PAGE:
Sweet, Sweet Motherhood
By Jeremy Kareken, written in collaboration with Lee M. Silver
Directed by Michael Bigelow Dixon
It's hard enough making genetic science compelling in a classroom, but attempting the same onstage seems suicidal. The lack of precedents proves liberating for playwright Jeremy Kareken, who with Professor Lee M. Silver's assistance concocted Sweet, Sweet Motherhood (through July 31), an experimental fusion of a campus drama and scientific morality play. Rather than the calculable sexual tension of professor-pupil affair plays like David Mamet's Oleanna, all fluids exchanged between Henry Stein (Michael De Nola)–a tenured professor at an unnamed prestigious East Coast university–and his ballsy advisee Shelley (Caroline Cooney) pass through syringes and petrie dishes. Kareken grafts bio-ethics onto a flirty student-teacher dynamic. The experiment's results raise compelling and essentially unanswerable questions, but are doctored for a disappointing finale.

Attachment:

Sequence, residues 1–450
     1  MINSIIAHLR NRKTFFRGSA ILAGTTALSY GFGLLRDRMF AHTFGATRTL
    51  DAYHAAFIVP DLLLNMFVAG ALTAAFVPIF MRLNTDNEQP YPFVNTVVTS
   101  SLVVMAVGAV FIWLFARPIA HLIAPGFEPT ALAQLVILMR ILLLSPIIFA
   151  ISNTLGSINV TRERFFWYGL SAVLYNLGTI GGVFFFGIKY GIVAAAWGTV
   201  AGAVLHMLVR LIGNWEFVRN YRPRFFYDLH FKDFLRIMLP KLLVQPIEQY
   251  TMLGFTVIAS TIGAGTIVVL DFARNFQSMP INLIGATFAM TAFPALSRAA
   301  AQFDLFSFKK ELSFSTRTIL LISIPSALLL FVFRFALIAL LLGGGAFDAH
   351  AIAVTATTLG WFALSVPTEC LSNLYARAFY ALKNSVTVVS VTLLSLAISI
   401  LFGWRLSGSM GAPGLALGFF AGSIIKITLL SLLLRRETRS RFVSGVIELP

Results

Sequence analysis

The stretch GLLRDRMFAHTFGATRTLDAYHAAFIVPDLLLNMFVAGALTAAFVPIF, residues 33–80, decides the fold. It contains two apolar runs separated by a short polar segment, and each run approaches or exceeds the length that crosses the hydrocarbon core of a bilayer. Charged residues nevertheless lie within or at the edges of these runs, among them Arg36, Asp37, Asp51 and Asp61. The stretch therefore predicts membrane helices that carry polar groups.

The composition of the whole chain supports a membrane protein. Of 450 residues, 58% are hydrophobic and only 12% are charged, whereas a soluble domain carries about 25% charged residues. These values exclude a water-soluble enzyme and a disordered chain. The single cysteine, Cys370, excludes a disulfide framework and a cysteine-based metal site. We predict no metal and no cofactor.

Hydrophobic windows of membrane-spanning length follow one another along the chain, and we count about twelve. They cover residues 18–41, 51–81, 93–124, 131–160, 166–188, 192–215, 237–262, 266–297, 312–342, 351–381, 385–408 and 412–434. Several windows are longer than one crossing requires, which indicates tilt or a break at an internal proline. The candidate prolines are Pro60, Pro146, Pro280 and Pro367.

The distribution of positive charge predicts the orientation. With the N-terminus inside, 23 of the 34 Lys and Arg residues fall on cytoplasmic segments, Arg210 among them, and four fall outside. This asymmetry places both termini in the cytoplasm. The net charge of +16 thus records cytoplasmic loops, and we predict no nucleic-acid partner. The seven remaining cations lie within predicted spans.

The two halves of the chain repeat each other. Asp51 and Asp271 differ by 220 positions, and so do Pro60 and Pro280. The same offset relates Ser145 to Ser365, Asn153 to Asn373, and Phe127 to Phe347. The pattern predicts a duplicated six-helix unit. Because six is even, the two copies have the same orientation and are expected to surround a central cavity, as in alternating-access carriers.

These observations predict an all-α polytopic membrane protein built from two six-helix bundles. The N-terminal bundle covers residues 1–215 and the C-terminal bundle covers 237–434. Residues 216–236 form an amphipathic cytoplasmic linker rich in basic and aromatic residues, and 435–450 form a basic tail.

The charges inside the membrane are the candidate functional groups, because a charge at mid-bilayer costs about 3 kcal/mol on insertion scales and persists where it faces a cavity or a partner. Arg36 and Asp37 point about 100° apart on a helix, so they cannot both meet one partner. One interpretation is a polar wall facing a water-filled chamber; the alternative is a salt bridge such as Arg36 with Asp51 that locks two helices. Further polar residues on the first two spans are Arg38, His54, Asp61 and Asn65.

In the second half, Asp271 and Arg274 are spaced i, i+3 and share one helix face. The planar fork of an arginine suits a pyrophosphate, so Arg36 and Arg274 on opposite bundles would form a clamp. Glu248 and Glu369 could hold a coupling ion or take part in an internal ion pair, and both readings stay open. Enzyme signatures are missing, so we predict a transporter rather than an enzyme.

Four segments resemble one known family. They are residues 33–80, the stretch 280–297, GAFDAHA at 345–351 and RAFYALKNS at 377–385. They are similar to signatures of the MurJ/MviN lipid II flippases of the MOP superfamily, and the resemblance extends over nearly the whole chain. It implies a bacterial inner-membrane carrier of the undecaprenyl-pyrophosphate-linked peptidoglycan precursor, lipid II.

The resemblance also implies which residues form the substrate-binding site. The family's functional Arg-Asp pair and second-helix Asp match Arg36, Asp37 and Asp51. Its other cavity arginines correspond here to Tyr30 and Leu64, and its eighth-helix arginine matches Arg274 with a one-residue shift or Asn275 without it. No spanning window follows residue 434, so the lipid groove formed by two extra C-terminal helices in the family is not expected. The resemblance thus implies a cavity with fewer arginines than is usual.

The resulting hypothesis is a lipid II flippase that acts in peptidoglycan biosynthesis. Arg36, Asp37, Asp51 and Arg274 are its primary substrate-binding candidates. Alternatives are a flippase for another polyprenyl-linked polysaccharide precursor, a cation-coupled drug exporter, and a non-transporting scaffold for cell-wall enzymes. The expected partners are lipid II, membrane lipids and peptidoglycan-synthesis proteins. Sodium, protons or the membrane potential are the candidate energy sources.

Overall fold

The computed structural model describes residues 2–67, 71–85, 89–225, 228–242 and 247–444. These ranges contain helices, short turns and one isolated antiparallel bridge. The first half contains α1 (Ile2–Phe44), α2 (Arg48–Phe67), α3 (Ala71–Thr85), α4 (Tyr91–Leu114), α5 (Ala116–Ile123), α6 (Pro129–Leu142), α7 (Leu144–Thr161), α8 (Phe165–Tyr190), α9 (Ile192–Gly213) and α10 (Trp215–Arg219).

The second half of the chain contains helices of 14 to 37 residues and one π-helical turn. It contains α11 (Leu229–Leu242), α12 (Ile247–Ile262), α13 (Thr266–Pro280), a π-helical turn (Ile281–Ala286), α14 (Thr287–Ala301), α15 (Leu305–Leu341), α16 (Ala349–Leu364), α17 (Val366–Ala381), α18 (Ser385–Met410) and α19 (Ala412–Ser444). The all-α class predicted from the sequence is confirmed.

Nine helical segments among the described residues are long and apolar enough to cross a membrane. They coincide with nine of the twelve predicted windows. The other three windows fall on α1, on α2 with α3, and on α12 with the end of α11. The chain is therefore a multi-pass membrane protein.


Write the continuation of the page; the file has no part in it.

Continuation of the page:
De Nola and Cooney, charming in their slightly stiff hyper-performative modes, lack chemistry; their characters' attraction, though technically never consummated, seems spurred by generic convention, not physical desire or intellectual attraction. De Nola, addressing the audience as if lecturing to an auditorium, leverages undeniable professorial charisma, but Henry's extracurricular interest in his student doesn't come across. Cooney's Shelley chews up scenes, suggesting boisterously that for her thesis she carry a half-human, half-chimp embryo to term (a proposal Prof. Silver once received) before settling on testing a less extreme type of experimental insemination.
Kareken and director Michael Bigelow Dixon do best during the pair's screwball arguments over the perverse animosity of academia, Shelley's experiment's shaky ethics and problematic intersections with animal rights and feminism–accepting to take her on after their first meeting, Stein exclaims: "You had me at 'Fuck PETA.'" De Nola and Cooney delight in these funny, fast-paced passages, which give way to more stylized if not quite surreal drama after intermission. Here, Motherhood's self-seriousness wears thin through several possible endings before reaching a buoyant conclusion that seems inconceivable given the variables at play.
(photo credit: Jim Baldassare)